gateway/firewall/router machine by dropping those ICMP messages, shouldn't
    the problem disappear by opening up the firewall temporarily (disable all
    filtering rules)?

    > For the record: I'm running NAT, ipfw, IPSec VPN, named, FreeRADIUS
    > all on a Soekris Net4801 device that features 128 MB of DRAM.
    > FreeBSD 6.2-RC1, currently. Works like a charm.


    Nice job!
    I was also considering to build one of those, for similar (and less)
    purposes. It is good to know that it can be done and it works fine.


    Patrick, your suggestion is very much appreciated!
    I will study the recommended port and run some tests to see if it solves
    my problems, which I really-really hope!

    Thank you!

    Best regards,
    Keve

    --
    if you need to reply directly:
    keve(at)mail(dot)poliod(dot)hu

  7. Re: Do you have a FreeBSD NAT gateway?

    Keve Nagy wrote:
    >
    > Using pf is relatively new in FreeBSD, and using pf with its own nat
    > functions appears really pioneering. I feel a bit lonely in my crusade to
    > get it working. Unfortunately I have way too much time invested in
    > learning pf and generally nothing in ipf and ipfw.
    >
    > So I either keep going with my crusade and try to get pf+pfnat working, or
    > I abandon this plan entirely and use one of the proven ways with a
    > different firewall and either natd or ipnat.
    > Neither of these options seems attractive. Maybe I am just too tired.
    > I give it some sleep and see how I feel about it tomorrow.
    > Somehow, I feel tempted to recycle the whole gateway machine and buy a
    > home router box from D-Link or Edimax and use that. But where is my
    > pioneering, my pride, my mental improvement and my joy then?


    Look at pfsense.org. Probably you can figure out what they have set up
    from their source or maybe by looking at a running system. Or just use
    it as-is.

    --
    Warren Block * Rapid City, South Dakota * USA

  8. Re: Do you have a FreeBSD NAT gateway?

    Hi!

    Keve Nagy wrote:

    > Unfortunately this MTU thing is beyound my knowledge, and I don't know
    > exactly what MTU my ISP is using, but I know one related thing for sure:
    > The current PPPoE settings in my DSL modem are the following-
    > MTU 1400 bytes
    > MRU 1492 bytes


    So, it is smaller than 1500 - the standard MTU of the Ethernet
    connecting your Mac Mini and your FreeBSD box.

    > Great idea, I didn't know about this useful port before!
    > BUT, before I start playing with it, I have a question which doubts the
    > MTU theory. If my problem is really MTU related, shouldn't I have the same
    > connection issues when the Mac mini is directly connecting to the DSL
    > modem (the modem does built-in PPPoE)?


    No, if your Mac Mini connects directly, it gets the smaller MTU.
    If it connects through your FreeBSD router, it doesn't.

    > Or having it rephrased, if the trouble is caused by my
    > gateway/firewall/router machine by dropping those ICMP messages, shouldn't
    > the problem disappear by opening up the firewall temporarily (disable all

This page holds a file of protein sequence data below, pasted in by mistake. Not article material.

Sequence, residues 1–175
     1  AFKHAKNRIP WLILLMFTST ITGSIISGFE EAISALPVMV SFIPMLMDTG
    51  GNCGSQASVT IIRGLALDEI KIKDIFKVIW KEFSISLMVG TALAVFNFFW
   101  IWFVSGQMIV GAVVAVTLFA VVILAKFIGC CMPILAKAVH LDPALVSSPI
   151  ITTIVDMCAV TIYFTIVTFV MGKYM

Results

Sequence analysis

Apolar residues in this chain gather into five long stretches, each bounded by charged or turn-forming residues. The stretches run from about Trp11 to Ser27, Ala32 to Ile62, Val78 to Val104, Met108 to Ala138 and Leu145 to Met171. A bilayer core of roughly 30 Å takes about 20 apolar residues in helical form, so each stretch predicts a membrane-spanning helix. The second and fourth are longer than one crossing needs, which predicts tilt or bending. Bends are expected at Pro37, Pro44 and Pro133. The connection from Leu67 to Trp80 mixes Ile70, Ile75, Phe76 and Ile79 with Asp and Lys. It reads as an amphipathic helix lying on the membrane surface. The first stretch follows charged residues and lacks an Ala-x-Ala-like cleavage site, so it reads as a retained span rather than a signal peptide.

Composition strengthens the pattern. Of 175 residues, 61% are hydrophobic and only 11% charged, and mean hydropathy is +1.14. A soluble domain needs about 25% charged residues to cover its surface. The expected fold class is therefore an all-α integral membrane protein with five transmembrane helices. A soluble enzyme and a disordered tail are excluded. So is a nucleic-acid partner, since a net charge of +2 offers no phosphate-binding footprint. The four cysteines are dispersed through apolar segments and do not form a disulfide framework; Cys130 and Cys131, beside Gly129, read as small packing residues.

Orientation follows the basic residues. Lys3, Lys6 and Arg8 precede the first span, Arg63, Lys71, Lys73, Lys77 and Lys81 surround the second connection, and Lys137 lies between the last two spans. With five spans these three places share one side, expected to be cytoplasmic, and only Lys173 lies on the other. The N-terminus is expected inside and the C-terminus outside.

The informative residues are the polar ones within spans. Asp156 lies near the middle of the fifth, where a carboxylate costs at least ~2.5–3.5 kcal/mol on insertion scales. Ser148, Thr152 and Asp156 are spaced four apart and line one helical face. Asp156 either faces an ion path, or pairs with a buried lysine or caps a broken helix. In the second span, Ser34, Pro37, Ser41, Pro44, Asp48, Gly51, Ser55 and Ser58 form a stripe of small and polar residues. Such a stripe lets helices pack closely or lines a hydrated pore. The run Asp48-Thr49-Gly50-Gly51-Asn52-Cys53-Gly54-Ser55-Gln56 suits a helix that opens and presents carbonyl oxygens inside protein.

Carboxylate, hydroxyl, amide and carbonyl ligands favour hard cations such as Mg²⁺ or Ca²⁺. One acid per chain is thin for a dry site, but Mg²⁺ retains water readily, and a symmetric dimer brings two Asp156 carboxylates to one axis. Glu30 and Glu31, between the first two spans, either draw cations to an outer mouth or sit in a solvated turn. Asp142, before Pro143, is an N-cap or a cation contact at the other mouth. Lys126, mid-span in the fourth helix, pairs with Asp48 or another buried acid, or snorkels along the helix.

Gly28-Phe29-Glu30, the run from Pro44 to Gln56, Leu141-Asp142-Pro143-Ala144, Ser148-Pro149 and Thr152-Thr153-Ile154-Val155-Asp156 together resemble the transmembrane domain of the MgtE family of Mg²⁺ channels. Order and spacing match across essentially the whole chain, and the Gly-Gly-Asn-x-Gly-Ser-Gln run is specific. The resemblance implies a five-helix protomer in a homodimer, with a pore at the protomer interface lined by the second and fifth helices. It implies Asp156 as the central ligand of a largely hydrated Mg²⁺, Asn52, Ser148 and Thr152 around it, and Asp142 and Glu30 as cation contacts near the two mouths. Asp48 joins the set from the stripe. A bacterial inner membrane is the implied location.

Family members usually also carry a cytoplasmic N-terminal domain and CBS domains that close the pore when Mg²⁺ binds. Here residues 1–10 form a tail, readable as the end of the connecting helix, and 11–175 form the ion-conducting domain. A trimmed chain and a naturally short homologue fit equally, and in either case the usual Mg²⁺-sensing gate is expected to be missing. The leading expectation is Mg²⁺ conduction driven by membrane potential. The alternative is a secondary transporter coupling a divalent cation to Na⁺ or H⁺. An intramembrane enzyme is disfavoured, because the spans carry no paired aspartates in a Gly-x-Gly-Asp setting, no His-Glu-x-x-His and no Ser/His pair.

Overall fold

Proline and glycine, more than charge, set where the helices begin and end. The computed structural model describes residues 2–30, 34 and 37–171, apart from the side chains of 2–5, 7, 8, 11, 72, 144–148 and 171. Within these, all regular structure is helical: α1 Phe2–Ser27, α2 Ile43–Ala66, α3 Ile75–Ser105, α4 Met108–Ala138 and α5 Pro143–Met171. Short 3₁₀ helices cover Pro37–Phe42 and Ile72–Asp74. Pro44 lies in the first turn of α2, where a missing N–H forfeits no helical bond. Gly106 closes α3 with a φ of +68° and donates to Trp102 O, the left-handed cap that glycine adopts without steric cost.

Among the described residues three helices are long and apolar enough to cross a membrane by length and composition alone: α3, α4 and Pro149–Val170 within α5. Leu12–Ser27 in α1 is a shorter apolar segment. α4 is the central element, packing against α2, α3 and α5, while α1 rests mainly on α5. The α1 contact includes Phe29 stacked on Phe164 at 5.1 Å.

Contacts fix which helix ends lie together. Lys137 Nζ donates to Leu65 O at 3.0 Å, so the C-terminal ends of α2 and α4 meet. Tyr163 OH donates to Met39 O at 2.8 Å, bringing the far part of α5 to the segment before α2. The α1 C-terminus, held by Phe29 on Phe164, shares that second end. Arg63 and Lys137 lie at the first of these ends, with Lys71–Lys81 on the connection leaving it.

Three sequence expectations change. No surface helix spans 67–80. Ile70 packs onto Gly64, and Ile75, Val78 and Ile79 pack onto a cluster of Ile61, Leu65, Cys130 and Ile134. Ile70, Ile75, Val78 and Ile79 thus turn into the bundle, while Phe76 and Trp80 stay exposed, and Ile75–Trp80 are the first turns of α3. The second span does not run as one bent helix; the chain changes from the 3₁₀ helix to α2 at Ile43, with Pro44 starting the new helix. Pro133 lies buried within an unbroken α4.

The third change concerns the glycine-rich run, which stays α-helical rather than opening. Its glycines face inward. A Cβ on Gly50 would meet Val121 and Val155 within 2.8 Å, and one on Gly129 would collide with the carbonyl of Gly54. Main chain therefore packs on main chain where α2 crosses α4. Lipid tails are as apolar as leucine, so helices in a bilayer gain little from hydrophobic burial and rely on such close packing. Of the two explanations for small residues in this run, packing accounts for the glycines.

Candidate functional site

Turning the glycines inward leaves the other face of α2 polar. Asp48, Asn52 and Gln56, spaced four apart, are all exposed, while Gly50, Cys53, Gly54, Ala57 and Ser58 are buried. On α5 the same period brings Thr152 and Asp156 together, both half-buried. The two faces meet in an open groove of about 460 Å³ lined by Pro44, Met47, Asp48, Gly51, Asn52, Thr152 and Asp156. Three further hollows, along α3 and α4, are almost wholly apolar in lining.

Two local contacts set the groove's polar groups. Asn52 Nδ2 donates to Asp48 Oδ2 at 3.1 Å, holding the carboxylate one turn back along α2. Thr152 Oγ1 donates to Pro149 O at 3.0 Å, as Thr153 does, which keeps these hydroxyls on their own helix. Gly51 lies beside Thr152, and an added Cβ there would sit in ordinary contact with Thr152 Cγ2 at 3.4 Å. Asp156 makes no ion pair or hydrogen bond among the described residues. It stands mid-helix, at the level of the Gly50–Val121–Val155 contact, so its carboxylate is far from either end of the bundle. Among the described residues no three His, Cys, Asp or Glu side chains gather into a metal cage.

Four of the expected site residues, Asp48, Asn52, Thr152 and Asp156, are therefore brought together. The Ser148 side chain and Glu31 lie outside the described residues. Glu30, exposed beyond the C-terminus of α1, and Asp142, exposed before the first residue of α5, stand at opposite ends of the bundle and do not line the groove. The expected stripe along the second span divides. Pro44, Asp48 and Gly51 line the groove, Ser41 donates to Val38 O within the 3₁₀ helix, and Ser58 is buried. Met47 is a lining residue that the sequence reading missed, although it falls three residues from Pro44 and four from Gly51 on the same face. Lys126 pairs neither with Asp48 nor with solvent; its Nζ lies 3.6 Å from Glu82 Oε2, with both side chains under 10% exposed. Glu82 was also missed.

> filtering rules)?


    Maybe. This depends on which end of your connection is the
    culprit. If it's your firewall, then open it for a short period
    and run some tests. Then adapt it apropriately. You don't want
    to block ICMP, in general.
    If it's the firewall in front of the web server you are connecting
    to, you are out of luck - you need to adapt the MSS of the clients
    internal to your firewall/router.

    Unfortunately I don't know a bit about pf and how it does NAT
    and if it supports MSS manipulation. I'm using ipfw, natd and
    tcpmssd, because that was more in the "mainstream" of FreeBSD.

    Kind regards,
    Patrick
    --
    punkt.de GmbH Internet - Dienstleistungen - Beratung
    Vorholzstr. 25 Tel. 0721 9109 -0 Fax: -100
    76137 Karlsruhe http://punkt.de

  9. Re: Do you have a FreeBSD NAT gateway?

    On Tue, 28 Nov 2006 14:43:21 +0100, Keve Nagy wrote:

    > Hello Everyone,
    > I didn't have luck with an earlier posting here, regarding a specific
    > problem with my clients behind a FreeBSD gateway using pf and the built-in
    > NAT service of pf.
    >
    > I thought perhaps generalizing the question will yield some response.
    >
    > There surely must be some of you sharing a DSL/Cable internet connection
    > using a FreeBSD gateway machine.
    >
    > Does it work properly for you?
    >


    Yes. I'm using a D-Link DSL-300T in bridge mode, via mpd so the BSD box
    gets the public IP (Two NICs, one with no address connected to the
    DSL-300, second NIC on the LAN). I use dnsmasq for DHCP and DNS resolution
    for LAN hosts. Some services are port forwarded to LAN hosts. Currently
    using ipfw and natd, but ipf and ipnat have also worked. 6.2-PRERELEASE
    with custom kernel on an old 900 MHz Compaq P3 with 512 Mb. Runs Asterisk
    too, and maintains VPNs to other FBSD systems (again with mpd).

    Sounds like you may be suffering from an MTU that's too large - mine is
    set to 1492 - but the symptoms you describe are typical. Hosts on my LAN
    are a couple of Windows (XP and 2000) machines, an assortment of SPARCs
    with NetBSD or Linux (Gentoo), i386es with FBSD 6.x. Everything works.

    I've successfully run similar gateway setups on old 486DX 100s and FBSD
    4.x.

    -Adrian


  10. Re: Do you have a FreeBSD NAT gateway?

    Keve Nagy wrote:
    If you are interested in the details and outcomes of this thread, please
    join us in my related thread with the subject "How to set up ipfw for
    tcpmssd?".

    Regards,
    Keve

    --
    if you need to reply directly:
    keve(at)mail(dot)poliod(dot)hu